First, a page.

4. Eat more raisins.
Raisins are chalked up to be a “kid snack.” However, they are a pretty darn good option for the active population as well, especially athletes who may be looking to bulk up with a convenient, calorically dense option. Raisins provide a great source of readily usable energy for intense training sessions. Furthermore, they are an excellent source of anti-oxidants. Furthermore, they are high in calcium, magnesium, phosphorous, and potassium. Not to mention they provide a decent amount of fiber as well.
As noted in Jonny Bowden’s book The 150 Healthiest Foods On Earth, the grapes raisins originate as are often highly saturated in pesticides. With that in mind, it’s a good idea to look for organic varieties. Next time you are looking for a good source of fast acting carbohydrates, consider eating a handful or two of raisins!
5. Stay basic and specific when you’re unsure how long you have an athlete.
With all the information available today, it’s easy for us to jump ahead to more complex training protocols. There is no shortage of excellent programming out there, formulated by some of the brightest minds in strength and conditioning. However, many of these programs are not the right choice for the majority of the population.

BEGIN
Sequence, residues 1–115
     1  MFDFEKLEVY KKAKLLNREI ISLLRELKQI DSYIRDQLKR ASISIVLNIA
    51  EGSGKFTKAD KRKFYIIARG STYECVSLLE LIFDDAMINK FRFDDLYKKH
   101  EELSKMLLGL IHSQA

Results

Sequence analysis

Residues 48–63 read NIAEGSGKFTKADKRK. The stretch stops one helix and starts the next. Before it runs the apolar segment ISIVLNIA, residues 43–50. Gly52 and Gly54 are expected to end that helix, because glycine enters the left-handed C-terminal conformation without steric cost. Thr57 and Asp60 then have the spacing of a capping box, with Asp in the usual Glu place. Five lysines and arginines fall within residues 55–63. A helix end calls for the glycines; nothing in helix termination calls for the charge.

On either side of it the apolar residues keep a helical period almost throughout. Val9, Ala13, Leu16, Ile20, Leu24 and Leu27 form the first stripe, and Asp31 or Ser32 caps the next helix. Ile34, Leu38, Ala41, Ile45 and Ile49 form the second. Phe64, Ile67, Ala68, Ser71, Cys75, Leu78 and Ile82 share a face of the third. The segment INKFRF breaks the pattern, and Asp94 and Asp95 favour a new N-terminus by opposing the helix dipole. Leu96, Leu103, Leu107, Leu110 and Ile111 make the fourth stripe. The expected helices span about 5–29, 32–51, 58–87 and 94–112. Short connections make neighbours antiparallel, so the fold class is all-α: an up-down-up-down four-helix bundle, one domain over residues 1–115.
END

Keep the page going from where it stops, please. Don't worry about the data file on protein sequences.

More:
While these methods have evidence to support their effectiveness, they are often used with highly trained individuals, and carried out over an extended/known period of time. In the private sector of S&C you aren’t always sure how long you’ll have an athlete.
Before you hop into contrast training, tempo training, or any other complex method, consider tapping out your potential with a more basic approach first. In many cases your end goal will be most greatly improved with a more basic approach that is specific to your desired outcome.
Take this recent study, for example. The School of Health Sciences, at The University of Ballarat in Australia studied “The Acute Effects of Conventional, Complex and Contrast Protocols on Lower Body Power.” The study looked at three different approaches to improving peak power output. The traditional approach included only counter-movement jumping. The other two included a mix of jumping and resistance training. The result favored the traditional approach for an acute improvement of peak power. This isn’t to say the other approaches wouldn’t be superior long term, but as I stated before, often times you will not have an athlete long enough to make changes with a more complex approach.
The take away is that you need to identify what you want to give an athlete by training with you. When he or she is only under your guidance for a short period of time, make that item a priority, do it often and do it well. That item may not be very specific to their sport, but the training needs to be specific to that item. In order to get an acute change in a certain quality your best bet is to give that quality the most attention.